Physiology of Flower Bulbs

Almost all bulbous plant species are monocots, including the economically important ornamentals tulip and lily. Cultivation occurs in temperate climate regions with the Netherlands being world-wide the leading producer of tulips. Unfortunately, development of a new cultivar in this species takes more than 20 years due to its low propagation rate and long juvenile phase. Tulip seeds require up-to seven annual growth cycles to produce a flowering bulb, which subsequently produces only two to three daughter bulbs a year.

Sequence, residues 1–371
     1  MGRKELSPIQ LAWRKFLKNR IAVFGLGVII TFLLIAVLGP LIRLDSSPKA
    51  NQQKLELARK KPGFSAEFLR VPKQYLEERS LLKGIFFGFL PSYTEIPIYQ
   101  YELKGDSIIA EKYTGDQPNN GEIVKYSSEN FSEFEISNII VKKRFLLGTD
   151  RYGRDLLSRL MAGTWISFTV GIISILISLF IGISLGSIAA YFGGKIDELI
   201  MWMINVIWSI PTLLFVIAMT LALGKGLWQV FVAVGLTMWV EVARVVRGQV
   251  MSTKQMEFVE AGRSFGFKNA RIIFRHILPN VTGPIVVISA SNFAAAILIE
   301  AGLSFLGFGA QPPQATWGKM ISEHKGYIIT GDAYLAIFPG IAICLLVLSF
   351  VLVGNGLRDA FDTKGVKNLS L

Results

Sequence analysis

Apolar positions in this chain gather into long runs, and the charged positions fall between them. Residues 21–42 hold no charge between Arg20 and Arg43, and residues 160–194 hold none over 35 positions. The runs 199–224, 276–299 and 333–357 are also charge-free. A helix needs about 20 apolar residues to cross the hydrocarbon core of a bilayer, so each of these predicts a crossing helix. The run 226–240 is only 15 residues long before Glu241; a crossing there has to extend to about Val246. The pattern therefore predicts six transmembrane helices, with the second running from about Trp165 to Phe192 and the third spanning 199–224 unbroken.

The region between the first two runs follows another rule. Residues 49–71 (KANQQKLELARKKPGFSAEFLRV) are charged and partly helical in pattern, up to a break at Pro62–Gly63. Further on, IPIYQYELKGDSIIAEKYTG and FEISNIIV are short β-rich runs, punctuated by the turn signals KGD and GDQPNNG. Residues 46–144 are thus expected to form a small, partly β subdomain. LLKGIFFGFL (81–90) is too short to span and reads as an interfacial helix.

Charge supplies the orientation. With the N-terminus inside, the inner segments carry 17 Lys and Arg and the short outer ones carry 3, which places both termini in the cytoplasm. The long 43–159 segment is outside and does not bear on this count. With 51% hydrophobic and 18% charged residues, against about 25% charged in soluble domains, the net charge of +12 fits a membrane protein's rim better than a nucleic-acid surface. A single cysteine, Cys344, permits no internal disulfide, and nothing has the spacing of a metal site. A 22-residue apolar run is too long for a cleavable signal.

We aim to decipher the propagation and flowering time controlling processes in tulip at the physiological and molecular levels. The tulip genome is approximately 200 times larger than the genome of the plant model species Arabidopsis thaliana, which make molecular studies of biological processes challenging. Nevertheless, a combined physiological and molecular approach is followed to obtain insight in flowering and propagation behaviour. We apply e.g. state-of-the-art Next Generation Sequencing (NGS) technologies to identify key genes and markers for the processes under study. Furthermore, lily is explored to shed light on propagation, because this species can be easily propagated by in vitro methods in contrast to tulip.